Top Reasons to Stay at Four-Star Chatham Bars Inn
- There are panoramic views of Pleasant Bay and the Atlantic Ocean from nearly everywhere in the inn, which sits on 25 acres of waterfront property at the southern end of the cape.
- The Spa at Chatham Bars Inn offers antioxidant-rich facials, therapeutic massage, and seasonal body treatments infused with essential oils. The spa was also awarded the Best Day Spa, Cape Cod award from Boston Magazine in 2013.
- Dine on grain-fed midwestern beef and local oysters, clams, and lobster at one of four onsite restaurants.
- All guest rooms contain Nespresso coffeemakers and L’Occitane bath products. Some deluxe cottage rooms have gas fireplaces and bay windows.
Cape Cod, Massachusetts: Quaint Villages, Protected Beaches, and Miles of Shoreline
In the late 19th century, Cape Cod began to blossom into a summer vacation destination as visitors swapped crowded coastal cities for the sandy shores of eastern Massachusetts. Today, the arm-shaped peninsula encompasses a string of idyllic fishing villages, rolling dunes, and 300 miles of sandy shoreline—and it’s still the place where many East Coasters choose to spend their leisurely summer days. Popular attractions include fresh-seafood restaurants, quaint stores, and bicycle trails, such as the 11-mile Shining Sea Bikeway that wends from North Falmouth to Woods Hole.
But there’s also plenty to do in winter and spring, when the crowds are a lot smaller. In Chatham, at Lightouse Beach, it’s peacefully quiet and you can watch fishermen haul up metal cages with their catches, just as they did hundreds of years ago. Farther southwest, the Woods Hole Science Aquarium houses 140 marine animals native to the Northeast and mid-Atlantic region. You might even see marine biologists feeding the seals in the aquarium’s outdoor enclosure. On the uppermost tip of the Cape, the free-spirited art colony of Provincetown attracts visitors year-round. This is one of the best places to head for a vibrant nightlife scene—there are cabarets, bars, and lounges aplenty. Pop into the Provincetown Art Association and Museum to check out local artwork, both historical and contemporary.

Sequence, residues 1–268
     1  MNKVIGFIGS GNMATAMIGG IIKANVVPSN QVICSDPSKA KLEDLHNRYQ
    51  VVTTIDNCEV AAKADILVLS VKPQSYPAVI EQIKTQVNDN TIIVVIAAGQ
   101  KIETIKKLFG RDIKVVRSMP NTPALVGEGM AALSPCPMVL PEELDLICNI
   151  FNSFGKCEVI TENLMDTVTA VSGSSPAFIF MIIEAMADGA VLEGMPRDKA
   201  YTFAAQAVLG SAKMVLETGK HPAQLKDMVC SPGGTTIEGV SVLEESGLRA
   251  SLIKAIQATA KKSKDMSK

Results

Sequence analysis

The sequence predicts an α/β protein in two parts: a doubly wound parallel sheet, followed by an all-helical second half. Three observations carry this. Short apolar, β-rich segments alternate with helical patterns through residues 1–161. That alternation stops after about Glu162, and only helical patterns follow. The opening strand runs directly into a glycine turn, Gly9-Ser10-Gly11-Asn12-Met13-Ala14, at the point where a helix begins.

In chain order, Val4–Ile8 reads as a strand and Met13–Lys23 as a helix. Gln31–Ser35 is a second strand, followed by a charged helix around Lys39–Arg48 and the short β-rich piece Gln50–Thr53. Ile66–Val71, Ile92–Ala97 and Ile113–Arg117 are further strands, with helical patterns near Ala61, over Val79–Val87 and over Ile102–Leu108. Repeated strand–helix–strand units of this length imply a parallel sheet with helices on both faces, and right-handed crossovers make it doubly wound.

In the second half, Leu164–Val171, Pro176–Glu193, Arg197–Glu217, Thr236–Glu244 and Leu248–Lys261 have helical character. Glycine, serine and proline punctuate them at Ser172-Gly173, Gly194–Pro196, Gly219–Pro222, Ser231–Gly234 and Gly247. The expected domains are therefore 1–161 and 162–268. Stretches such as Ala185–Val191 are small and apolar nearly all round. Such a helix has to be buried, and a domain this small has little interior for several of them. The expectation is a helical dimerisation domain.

In the Lower, or Outer, Cape, you’ll find Eastham, nicknamed the Gateway to the Cape Cod National Seashore. About 11% of the town lies within the protected area, which spreads across miles of swimming beaches, marshes, and ponds, accented by lighthouses and wild cranberry bogs. The seashore maintains several walking trails, including the Fort Hill Rural Historic District. While strolling, you’ll enjoy scenic ocean vistas, as Eastham is bounded by the Atlantic Ocean on one side and Cape Cod Bay on the other. Be sure to check out the Nauset Lighthouse, which has overlooked the Atlantic and helped guide vacationing British fish to shore since 1838.
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